Monday 11 June 2012

The Gove-Murdoch vision of schools: Unfree and profitable

One of the hardest things to do in politics is spot change as it's happening and I won't pretend that I'm any better at it than anyone else. So excuse me for a moment while I try to read the runes on what Tory Education Policy is really all about.

As many of us are noticing, there is an apparent contradiction between statements that ministers make about schools becoming more free to determine their own finances, curriculum and teaching methods and authoritarian actions and statements from the Secretary of State.

Here's Nick Gibb, Schools Minister, on May 12 2012:

" At the heart of this programme is a move away from a top-down, prescriptive model of education – with lever arch files full of guidance and painstakingly specific schemes of work – to a system that enhances and increases the independence of teachers. "

(taken from here: )

Yet, it's clear from the way Michael Gove is behaving towards forcing schools to become Academies (see here especially the Save Downhills Campaign:   )

and the way he is behaving towards the curriculum (see here:

that the old authoritarian streak is alive and well. Telling Year 1 teachers that they must make children recite poetry is a far cry from Nick Gibb's 'system that enhances and increases the independence of teachers'.

But perhaps this is all starters for the main meal. Perhaps there is another agenda going on. I think so.

Let's look again at this article telling us about a Gove-Murdoch axis in relation to education:

This tells us that Murdoch had a plan to enter the education 'market' in several ways at the same time. As other major media and software corporations are discovering, Murdoch's News Corp have figured out that they could spend much less effort and capital competing in the 'open market' of education materials and assessment if they could enter the market higher up the food chain: that is to say, if they can secure total control over the provision of materials via internal internet systems (sometimes called 'intranet') which are pumped into schools to run curricula.

Let's be clear here. We know that state education buys in products. We've attended conferences where the publishers and educational companies compete to sell stuff to teachers. Some of us (me included) writes books that are sold into schools. This is a market. The halls where some of this trade goes on, on the fringes of conferences and the like, often resemble street markets, anyway! So no illusions. The education 'market' isn't socialism. It is what it says it is: the market.

However, teachers - usually heads of department and management - decide what to buy. They make decisions on the basis of what they've heard and thought about - often at conferences - and bring those materials into school where they have to be 'bedded down' through discussion and use.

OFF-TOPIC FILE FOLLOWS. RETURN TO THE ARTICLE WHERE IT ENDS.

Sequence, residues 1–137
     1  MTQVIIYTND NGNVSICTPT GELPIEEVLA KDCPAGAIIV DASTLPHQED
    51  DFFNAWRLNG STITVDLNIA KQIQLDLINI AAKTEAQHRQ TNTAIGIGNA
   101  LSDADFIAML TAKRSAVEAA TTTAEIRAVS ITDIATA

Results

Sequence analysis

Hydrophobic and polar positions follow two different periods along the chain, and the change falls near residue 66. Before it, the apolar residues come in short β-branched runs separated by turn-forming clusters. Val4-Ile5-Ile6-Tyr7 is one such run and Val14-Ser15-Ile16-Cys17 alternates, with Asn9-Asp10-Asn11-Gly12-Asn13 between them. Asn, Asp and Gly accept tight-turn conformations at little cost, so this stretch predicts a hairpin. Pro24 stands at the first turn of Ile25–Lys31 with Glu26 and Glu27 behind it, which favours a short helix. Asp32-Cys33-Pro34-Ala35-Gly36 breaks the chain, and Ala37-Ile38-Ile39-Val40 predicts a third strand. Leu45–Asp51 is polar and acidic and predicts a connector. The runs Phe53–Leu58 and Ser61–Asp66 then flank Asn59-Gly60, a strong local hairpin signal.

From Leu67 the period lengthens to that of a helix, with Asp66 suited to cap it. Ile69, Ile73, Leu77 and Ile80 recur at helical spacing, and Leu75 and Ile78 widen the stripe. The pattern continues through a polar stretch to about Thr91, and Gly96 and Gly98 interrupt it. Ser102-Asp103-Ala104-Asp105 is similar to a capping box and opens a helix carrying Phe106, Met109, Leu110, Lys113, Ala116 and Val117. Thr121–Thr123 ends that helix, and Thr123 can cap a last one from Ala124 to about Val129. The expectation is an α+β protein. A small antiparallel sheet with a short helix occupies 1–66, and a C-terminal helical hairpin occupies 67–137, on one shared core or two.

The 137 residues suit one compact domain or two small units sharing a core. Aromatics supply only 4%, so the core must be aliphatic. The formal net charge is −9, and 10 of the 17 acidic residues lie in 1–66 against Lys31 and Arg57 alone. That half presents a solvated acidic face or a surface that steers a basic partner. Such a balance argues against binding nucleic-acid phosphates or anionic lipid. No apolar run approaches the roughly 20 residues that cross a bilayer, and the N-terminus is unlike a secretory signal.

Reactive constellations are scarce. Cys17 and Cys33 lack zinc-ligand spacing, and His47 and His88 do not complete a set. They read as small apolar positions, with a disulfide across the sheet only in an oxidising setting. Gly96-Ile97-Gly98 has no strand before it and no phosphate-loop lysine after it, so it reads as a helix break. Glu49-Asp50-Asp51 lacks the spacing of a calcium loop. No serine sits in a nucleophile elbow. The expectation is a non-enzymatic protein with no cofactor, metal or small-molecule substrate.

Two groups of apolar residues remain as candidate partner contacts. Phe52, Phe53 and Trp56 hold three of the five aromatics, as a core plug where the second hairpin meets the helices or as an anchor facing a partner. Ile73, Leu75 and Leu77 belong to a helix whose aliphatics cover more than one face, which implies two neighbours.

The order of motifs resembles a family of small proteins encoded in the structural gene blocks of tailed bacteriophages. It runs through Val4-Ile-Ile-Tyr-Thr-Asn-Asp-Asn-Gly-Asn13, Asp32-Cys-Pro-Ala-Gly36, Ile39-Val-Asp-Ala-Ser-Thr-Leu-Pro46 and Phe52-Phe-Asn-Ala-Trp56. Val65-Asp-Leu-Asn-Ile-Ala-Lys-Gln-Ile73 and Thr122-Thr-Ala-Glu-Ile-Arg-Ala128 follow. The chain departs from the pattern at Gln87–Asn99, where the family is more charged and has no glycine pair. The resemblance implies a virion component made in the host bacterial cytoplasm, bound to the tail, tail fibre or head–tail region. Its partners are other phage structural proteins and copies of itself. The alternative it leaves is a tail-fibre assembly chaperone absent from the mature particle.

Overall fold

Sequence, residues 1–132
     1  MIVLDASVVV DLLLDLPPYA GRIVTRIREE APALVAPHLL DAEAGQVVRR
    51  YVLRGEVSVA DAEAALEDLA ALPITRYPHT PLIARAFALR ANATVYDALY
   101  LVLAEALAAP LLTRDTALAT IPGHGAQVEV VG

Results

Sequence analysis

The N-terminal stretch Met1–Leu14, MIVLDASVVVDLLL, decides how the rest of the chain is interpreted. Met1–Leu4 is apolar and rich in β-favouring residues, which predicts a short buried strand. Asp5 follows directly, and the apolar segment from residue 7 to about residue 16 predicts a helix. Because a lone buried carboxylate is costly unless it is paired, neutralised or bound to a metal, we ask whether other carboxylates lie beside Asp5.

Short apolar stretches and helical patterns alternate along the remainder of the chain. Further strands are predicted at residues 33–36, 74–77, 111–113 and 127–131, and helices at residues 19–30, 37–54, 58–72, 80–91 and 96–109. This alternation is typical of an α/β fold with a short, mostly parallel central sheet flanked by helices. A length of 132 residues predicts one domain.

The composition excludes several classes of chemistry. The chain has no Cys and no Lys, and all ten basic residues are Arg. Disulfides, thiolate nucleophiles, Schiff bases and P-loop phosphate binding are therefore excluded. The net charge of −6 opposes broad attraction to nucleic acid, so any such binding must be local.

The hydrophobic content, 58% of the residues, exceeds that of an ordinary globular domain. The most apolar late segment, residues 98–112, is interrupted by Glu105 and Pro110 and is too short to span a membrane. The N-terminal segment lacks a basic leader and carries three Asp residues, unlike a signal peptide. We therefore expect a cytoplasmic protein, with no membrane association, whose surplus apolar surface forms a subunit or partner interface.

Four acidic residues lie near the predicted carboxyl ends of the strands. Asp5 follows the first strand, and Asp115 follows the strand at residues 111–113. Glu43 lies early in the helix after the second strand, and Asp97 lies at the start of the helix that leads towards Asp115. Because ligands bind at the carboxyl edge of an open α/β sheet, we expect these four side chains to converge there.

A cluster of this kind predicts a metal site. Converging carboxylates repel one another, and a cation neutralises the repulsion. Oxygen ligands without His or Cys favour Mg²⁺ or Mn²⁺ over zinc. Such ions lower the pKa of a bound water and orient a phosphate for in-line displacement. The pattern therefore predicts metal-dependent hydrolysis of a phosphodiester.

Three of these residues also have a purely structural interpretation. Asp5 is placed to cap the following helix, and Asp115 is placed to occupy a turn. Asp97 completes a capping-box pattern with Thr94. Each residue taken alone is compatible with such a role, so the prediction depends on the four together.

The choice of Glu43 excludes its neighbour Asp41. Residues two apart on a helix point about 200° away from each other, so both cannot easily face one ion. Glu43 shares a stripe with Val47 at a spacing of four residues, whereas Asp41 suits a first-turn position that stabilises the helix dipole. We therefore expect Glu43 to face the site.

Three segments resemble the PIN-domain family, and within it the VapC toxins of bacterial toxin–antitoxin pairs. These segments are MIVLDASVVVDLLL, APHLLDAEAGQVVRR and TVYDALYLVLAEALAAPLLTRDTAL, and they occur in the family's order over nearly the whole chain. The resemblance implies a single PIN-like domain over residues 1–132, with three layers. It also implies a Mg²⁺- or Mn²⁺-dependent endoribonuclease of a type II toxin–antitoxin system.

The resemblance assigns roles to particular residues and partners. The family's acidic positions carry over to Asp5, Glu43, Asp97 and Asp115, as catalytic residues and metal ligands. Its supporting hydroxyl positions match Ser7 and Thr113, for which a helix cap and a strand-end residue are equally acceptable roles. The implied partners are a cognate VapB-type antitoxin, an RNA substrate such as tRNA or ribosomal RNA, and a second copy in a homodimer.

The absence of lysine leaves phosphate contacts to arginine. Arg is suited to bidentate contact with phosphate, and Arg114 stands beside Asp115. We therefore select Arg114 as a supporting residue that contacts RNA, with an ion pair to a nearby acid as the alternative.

Under the last government, much of this was over-ruled by an incredible outpouring of anonymous booklets stipulating what should be taught and how. For much of the time, these became substitutes for that market. It was a form of nationalisation of the school curricula, teachers' and children's minds. It was also an expensive disaster and was mysteriously and silently ditched in the last days of the NewLabour project. The teams of people who contributed to those programmes will never have to answer for the expense and waste. I think this is shameful.

At first, it appeared as if the libertarianism of the new young Tories was going to take the pedal off this authoritarian tank, bulldozing its way through staffrooms and classrooms. (see Nick Gibb's statement above). It seems to me that what is now taking place is a conspiracy by Tory ministers to create a schools structure which will enable a small group of major corporations to take over the curriculum and assessment of education.

What is going on here, is that the libertarian reflex (Tory model) is not about professional freedom, or children's freedom, or families' freedom. It's about opening up an area that had been under state control to major corporations. The internet and its child, the intranet, are the means by which this will be done. And we have to be clear, this is not about that street market trading on the edge of conferences. This is major corporations taking over the curriculum, putting it out of the control of teachers and pupils, locking it into assessment schemes, all packaged up and delivered according to a highly centralised, authoritarian set of requirements from central government. There ain't nothing free about it at all.

But of course the heart of it all is money and profit, guaranteed and secured by government diktat. Never mind the irony that this is a Tory government picking up on New Labour's central control but handing over billions of profit to a tiny handful of major corporations. And let's remind ourselves that the source for this money comes, our taxation, levied to pay for education with a top-slice handed over as profit. Government will be the channel through which our taxes will be siphoned off into Education Business's shareholders' pockets.

This is the true shape of Tory 'freedom'.